A breast reconstruction after a mastectomy will be very similar to a breast augmentation procedure where a saline or silicone implant is used to recreate the appearance of breast tissue. In many cases the procedure is performed in stages where the first stage involves implanting the shell and gradually increasing the amount of filler material in the shell. This may be done over the course of several weeks or even months. Some types of shells may be left in as permanent implants while others will have to be removed once they reach the desired capacity and replaced with a more permanent implant.
Breast reconstruction is essentially a surgical procedure in which a breast which has been removed or damaged is reconstructed. Breast reconstruction is common in breast cancer patients who require a mastectomy to eliminate the cancer cells. Additionally, breast reconstruction may be useful in the result of serious accidents which result in a distortion of the breasts.
A mastectomy may be necessary in one or both breasts of cancer patients. This procedure involves the removal of the breast tissue affected by cancer. In many cases the breast reconstruction surgery may take place at the same time as the mastectomy. However, in some cases the patient may not be able to have the breast reconstruction until a later date. This is common when there are medical conditions such as obesity or high blood pressure which make the reconstruction surgery risky. Additionally, patients may opt to wait to have the reconstructive procedure to focus exclusively on the cancer treatment first before making decisions regarding breast reconstruction surgery.
Accident victims as well as crime victims may also require breast reconstruction surgery. Any type of accident or crime which results in significant damage to the breast tissue may make a woman a candidate for breast reconstruction surgery. In these cases the surgeon will examine the tissue carefully to assess the need for reconstruction as well as the potential for the surgery to be successful. Based on this information the patient can make an informed decision regarding whether or not to undergo the procedure.
Breast reconstruction is an excellent operation for many patients who have undergone a mastectomy or have been in a traumatic accident which resulted in the loss of a significant amount of breast tissue but for some patients breast reconstruction is not recommended. Specifically cancer patients who do not have all of the cancerous cells removed during the mastectomy are not ideal candidates for breast reconstruction. In these cases it may be necessary to complete cancer treatments before attempting a breast reconstruction.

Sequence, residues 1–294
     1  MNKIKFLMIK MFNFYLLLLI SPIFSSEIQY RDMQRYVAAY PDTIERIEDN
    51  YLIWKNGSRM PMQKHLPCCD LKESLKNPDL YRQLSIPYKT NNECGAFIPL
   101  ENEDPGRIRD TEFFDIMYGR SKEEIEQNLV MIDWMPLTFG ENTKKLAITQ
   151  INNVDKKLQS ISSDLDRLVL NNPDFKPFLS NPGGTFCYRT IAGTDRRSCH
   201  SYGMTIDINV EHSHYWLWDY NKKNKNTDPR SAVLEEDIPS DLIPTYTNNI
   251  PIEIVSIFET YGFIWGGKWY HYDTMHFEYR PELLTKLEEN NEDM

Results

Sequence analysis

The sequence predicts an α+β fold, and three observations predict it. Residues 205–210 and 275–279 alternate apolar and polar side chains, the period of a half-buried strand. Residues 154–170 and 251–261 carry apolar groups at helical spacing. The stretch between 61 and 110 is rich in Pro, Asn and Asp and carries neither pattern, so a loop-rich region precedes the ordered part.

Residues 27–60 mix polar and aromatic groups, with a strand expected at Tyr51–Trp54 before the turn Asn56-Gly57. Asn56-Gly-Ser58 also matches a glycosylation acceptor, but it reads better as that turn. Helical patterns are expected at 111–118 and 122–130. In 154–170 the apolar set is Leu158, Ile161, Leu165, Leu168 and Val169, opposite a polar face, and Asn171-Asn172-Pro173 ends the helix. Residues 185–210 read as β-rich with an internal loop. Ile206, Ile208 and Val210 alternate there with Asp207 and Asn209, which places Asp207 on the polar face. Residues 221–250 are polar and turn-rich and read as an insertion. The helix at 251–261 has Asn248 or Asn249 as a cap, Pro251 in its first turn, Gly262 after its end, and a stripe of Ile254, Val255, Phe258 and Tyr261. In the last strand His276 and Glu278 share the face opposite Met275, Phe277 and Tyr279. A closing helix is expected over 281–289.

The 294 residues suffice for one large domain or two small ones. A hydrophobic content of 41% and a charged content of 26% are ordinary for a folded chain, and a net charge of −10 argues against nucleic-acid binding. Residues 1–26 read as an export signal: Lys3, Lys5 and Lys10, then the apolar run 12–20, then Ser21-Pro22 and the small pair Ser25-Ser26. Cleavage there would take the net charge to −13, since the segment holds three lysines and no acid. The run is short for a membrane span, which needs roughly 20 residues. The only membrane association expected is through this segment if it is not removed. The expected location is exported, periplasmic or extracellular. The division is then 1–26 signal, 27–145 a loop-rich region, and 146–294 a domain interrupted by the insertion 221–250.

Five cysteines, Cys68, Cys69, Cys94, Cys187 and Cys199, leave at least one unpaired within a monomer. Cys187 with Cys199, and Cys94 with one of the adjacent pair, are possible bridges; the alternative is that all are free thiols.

Additionally, patients who are in poor health may not be ideal candidates for breast reconstruction. This may include patients suffering from diabetes, high blood pressure or obesity. Additionally, cigarette smoking may make a patient an unlikely candidate for breast reconstruction. In these cases the patient may have to wait until the other health concerns are alleviated before undergoing surgery for reconstruction of the breasts.
Selecting a qualified breast reconstruction surgeon is very important because it can have a significant impact on the outcome of the procedure. The following checklist will help a patient to determine whether or not a particular breast reconstruction plastic surgeon is a good candidate to perform the procedure:
Simply stated bilateral breast reconstruction involves the reconstruction of both of the breasts. This may be necessary in the case of cancer patients who required the removal of breast tissue in both breasts. When a mastectomy is performed on both of the breasts the patient may opt for a bilateral breast reconstruction surgery to replace the breast tissue which was removed and to create a symmetrical appearance.
When a bilateral breast reconstruction is required the reconstruction surgeries may occur simultaneously or at separate times depending on the needs of the patient as well as the preferences of the surgeon. Additionally, the bilateral breast reconstruction may be performed in conjunction with the mastectomy or may be performed in a separate procedure.